Although Juneteenth was an elision of June and 19th, I do not believe the inspired word came about methodically, through a sorting out. First there had to be hand clapping and foot stomping, dancing and singing, eating and drinking and hugging with lots of shouts of free and freedom in different keys until the rhythm expressed feelings in common. According to Ernest J. Gaines’s Miss Jane Pittman, “This what the people was singing: ‘We free, we free, we free / We free, we free, we free … / Oh, Lordy, we free.’ ” In the beginning was the word, and that word, Juneteenth, is a single utterance of African-American vernacular, improvised in the crucible of slavery, suffered and survived by individuals who were (and are) also a people. It is a word simultaneously true to the past, present, and future.
A hundred years after Juneteenth took hold as the sacred, spoken word of a free people, Ralph Waldo Ellison, author of Invisible Man and proud descendant of slaves on both sides of his family, published in the Quarterly Review of Literature “Juneteenth,” a magnificent chapter from his novel in progress. In the piece, Reverend Alonzo Hickman improvises a rich vernacular sermon on Juneteenth night to a congregation of 5,000 souls assembled outdoors in Georgia a decade or two into the 20th century. Boldly, Ellison summons the sermon from the memory of Senator Adam Sunraider, formerly called Bliss. Reverend Hickman had long ago literally midwifed Bliss into the world, and named him. After his white mother deserts the baby, Hickman, helped by the women of his congregation, raises Bliss, and makes him into a boy preacher who plays a central role in the call-and-response of Hickman’s preaching. Later, on the cusp of adolescence, young Bliss runs away.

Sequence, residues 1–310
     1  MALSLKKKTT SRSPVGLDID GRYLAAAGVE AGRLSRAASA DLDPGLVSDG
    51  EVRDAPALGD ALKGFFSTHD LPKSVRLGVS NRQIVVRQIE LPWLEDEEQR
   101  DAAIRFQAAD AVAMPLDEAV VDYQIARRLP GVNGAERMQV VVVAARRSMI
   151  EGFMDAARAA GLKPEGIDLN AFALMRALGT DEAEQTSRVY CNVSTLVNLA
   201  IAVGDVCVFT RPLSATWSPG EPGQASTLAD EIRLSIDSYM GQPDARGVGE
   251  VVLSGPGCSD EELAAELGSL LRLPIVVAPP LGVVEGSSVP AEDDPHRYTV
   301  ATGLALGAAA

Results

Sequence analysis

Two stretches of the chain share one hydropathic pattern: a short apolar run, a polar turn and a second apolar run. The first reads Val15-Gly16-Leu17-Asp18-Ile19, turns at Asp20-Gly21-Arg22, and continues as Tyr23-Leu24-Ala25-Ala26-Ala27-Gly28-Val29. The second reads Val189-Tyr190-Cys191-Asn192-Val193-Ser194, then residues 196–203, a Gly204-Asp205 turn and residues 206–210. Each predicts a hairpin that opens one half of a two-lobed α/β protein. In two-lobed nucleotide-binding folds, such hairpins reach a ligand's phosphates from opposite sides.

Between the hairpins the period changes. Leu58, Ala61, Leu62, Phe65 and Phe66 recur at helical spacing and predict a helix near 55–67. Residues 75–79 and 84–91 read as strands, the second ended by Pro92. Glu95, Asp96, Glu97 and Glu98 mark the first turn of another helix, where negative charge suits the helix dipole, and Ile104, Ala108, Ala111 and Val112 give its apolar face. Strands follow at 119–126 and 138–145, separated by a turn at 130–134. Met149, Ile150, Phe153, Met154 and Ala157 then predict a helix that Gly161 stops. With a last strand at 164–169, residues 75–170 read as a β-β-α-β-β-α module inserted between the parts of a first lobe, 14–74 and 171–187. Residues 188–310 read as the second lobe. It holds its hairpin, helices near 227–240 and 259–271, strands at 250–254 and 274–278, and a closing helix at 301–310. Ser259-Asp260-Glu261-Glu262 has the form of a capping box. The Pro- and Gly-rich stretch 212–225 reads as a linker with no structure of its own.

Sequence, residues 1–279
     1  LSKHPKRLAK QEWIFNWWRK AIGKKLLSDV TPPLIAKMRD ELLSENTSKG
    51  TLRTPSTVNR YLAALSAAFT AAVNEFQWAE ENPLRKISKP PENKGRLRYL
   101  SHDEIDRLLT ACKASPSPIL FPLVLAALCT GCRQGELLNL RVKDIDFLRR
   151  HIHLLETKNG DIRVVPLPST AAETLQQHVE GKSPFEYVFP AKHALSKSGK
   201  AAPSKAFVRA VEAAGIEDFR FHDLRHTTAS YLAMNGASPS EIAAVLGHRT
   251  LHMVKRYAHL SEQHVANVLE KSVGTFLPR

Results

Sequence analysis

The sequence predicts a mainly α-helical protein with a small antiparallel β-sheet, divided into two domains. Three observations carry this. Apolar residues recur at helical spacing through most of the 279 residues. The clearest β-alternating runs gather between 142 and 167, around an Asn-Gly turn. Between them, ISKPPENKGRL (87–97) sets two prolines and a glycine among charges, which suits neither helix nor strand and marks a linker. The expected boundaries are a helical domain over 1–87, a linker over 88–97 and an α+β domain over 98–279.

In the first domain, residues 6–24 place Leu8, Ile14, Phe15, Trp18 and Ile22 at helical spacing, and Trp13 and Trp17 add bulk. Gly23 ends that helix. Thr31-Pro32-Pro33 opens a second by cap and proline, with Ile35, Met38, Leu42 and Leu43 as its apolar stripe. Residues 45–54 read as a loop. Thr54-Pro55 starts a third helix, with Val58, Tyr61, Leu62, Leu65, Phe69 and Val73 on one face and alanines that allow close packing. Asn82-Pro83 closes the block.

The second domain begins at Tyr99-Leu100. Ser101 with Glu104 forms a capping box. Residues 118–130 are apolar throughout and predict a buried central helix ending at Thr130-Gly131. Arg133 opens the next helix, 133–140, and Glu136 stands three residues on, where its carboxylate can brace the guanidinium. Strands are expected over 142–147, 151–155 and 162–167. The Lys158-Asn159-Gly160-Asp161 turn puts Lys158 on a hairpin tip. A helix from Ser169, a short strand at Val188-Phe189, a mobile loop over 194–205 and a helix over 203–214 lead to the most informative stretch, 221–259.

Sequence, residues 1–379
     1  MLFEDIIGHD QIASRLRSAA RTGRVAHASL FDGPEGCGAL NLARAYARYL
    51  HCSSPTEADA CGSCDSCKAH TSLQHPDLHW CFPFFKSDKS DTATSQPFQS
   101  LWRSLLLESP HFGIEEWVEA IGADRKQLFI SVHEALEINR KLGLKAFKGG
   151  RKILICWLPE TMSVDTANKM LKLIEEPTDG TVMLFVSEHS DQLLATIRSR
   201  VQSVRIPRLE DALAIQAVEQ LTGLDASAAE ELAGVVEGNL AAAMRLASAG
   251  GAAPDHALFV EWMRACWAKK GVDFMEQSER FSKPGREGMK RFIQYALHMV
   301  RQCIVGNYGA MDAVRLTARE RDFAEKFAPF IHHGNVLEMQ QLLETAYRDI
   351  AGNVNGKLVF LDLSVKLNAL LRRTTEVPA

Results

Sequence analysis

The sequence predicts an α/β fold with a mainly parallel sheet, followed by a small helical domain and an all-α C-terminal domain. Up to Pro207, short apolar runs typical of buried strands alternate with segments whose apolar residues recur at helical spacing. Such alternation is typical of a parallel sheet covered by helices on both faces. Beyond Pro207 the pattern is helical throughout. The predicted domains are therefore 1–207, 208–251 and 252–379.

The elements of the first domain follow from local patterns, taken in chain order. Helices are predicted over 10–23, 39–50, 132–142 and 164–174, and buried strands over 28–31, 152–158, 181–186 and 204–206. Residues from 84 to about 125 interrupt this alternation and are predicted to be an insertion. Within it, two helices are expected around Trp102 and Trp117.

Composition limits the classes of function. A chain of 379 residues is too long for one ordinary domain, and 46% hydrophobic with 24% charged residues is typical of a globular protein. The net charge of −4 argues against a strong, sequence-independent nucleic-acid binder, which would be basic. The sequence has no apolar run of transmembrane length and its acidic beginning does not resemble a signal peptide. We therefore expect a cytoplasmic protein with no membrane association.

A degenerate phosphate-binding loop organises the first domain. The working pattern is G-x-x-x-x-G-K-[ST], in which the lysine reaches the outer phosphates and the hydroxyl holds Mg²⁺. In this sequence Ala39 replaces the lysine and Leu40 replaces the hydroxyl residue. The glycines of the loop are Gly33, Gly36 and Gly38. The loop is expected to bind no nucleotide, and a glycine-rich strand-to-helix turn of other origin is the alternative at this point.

Later still, Bliss, now self-named Adam Sunraider, becomes a race-baiting senator from a New England state. Gravely wounded by an assassin’s bullet on the floor of the Senate, Bliss/Sunraider spots Hickman in the gallery and demands that Hickman and only Hickman be brought to his intensive care room in the hospital. There the grown man experiences again the love he had for the Reverend Hickman long ago: “Ah yes, yes, I loved him. Everyone did, deep down. Like a great, kindly daddy bear along the streets, my hand lost in his huge paw … The true father, but black, black.” The dying senator remembers vividly the Juneteenth sermon in which Hickman uses Ezekiel’s dream of Dry Bones to telescope the story of African Americans from their capture in Africa through the middle passage to show slavery as a time when the souls of the slaves “were dead, Lord, dead! Except … ” for a single nerve from every part of the body, especially “from our heart.” In America, as slaves “we had received a new song in a new land and been resurrected by the Word and Will of God.”
Subtly, the time of Hickman’s sermon shifts from slavery to the partial freedom proclaimed by Juneteenth and its aftermath, where freedom is part truth, part illusion. As Hickman tells it, rhythm stands for the force of personality and culture that makes black Americans complete as individuals and a people even as they “keep inching along like an old inchworm” toward freedom.
In Hickman’s, and Ellison’s, words: “There’s been a heap of Juneteenths before this one and I tell you there’ll be a heap more before we’re truly free! Yes! But keep to the rhythm, just keep to the rhythm and keep to the way. … Time will come round when we’ll have to be their eyes; time will swing and turn back around.”
Ellison (and Hickman) had it right: “there’ll be a heap more before we’re truly free.” The we is all of us, not only African Americans, but all of the American people, every individual one of us.
In the fraught present moment of the 2020 Juneteenth celebration, one fitting expression of the timely timelessness that accompanies becoming “truly free” would be for the 45th president of the United States, Donald J. Trump, to ask the Congress of the United States to declare Juneteenth a permanent national holiday.